“Overall, the reaction’s been really positive, and there really hasn’t been any significant opposition to it,” Rubio spokesperson Alex Conant said of the senator’s plan. “People have made good points about the proposals, and we welcome a healthy debate. This isn’t something [where] the senator just woke up one morning and decided to do. He’s been thinking about these issues for years now.”
Rubio’s goal is to pass immigration legislation this year, and the political implications for the rising GOP star could be long-lasting. The first-term senator is widely expected to run for president in 2016. If he does, his first political hurdle to overcome would likely be in Iowa, where conservative hardliners on illegal immigration have long held sway.
In the 2008 nominating fight, John McCain’s efforts to promote comprehensive immigration reform were perhaps his greatest challenge in Iowa — where he finished a distant fourth in that year’s caucuses. He was able to recover and win the Republican nomination, but immigration became an unshakeable albatross for a more recent GOP White House hopeful.
When Texas Gov. Rick Perry suggested in a primary debate that people who disagreed with a Texas law offering in-state tuition rates to children of illegal immigrants “don’t have a heart,” the resulting criticism from conservatives grew into a firestorm in the Hawkeye State. Perry’s opponents and right-leaning activists hammered him for the comment, which he was forced to spend precious time on the stump trying to explain away.
But Republican consultant Bob Haus, who helped run Perry’s Iowa campaign, predicted that Rubio’s efforts on immigration reform would not sting him in a similar manner, if he does run in 2016.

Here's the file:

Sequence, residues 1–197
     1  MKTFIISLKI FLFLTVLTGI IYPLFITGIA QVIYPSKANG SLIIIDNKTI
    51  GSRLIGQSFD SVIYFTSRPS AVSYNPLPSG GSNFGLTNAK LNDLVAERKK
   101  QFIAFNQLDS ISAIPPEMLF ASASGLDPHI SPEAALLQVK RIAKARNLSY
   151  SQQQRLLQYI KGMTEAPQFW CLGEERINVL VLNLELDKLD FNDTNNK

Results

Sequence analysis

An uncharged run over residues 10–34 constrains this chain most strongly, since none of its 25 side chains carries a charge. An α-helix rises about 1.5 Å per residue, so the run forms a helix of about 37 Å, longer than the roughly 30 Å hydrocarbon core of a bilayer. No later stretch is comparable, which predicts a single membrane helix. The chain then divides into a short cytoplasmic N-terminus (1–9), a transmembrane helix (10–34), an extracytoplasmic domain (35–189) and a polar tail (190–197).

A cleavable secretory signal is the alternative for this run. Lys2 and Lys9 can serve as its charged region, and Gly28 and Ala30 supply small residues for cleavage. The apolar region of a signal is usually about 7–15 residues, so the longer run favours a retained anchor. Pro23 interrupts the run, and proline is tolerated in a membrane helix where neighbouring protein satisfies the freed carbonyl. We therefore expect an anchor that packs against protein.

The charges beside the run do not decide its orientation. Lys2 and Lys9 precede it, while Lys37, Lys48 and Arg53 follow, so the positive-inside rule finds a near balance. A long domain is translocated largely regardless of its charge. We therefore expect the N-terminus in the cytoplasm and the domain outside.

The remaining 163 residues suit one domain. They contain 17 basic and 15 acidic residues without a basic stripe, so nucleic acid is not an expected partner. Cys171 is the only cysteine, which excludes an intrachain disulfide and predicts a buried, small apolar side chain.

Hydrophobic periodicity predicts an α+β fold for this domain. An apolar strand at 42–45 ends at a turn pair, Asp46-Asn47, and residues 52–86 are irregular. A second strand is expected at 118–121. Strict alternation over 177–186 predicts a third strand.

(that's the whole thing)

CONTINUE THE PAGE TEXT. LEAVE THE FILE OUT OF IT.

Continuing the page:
“There are now more Republican leaders who are working to craft sensible, workable solutions than trying to simply derail everything,” Haus said. “These leaders are changing the debate. Republicans aren’t just against everything related to immigration. Now they’re for something. That signals a paradigm shift, and it will be a good one for the Republican Party.”
Despite those shifting sentiments on the right, however, there will no doubt be more than a few influential Republican voices in Iowa who remain resistant to Rubio’s proposals. Steve Deace, an influential conservative radio host in the nation’s first voting state, made clear on Twitter last week that he had no intention of getting behind Rubio’s plan.
“Strangely I am not reassured by Bill O’Reilly’s endorsement of Marco Rubio’s amnesty..err..immigration plan,” Deace tweeted.
During the 2012 primaries, Romney largely succeeded in his efforts to stake out a position to the right of his Republican opponents on the issue. But his short-term political gain became a Pyrrhic victory when the general election came around and the Obama campaign was able to paint him as an extremist on the issue.
Some former members of Romney’s team are among those taking that lesson to heart, seeing Rubio’s efforts as both politically savvy and a near necessity for the GOP’s future.
David Kochel, who helmed Romney’s near-victory in the 2012 Iowa caucuses, suggested that Rubio and other Republicans with their eye on the White House are wise to demonstrate a willingness to be a part of the solution to a difficult challenge.
“I think there will always be some folks in the conservative entertainment industry who will bang away at Republicans who want to work on immigration,” Kochel said. “But it’s a real problem, and not just a party problem. Time to look it in the eye and solve it. We can do it without compromising our principles.”
Read the entire article and comments at: http://www.realclearpolitics.com/articles/2013/01/22/rubio_finds_support_on_the_right_for_immigration_plan_116748-2.html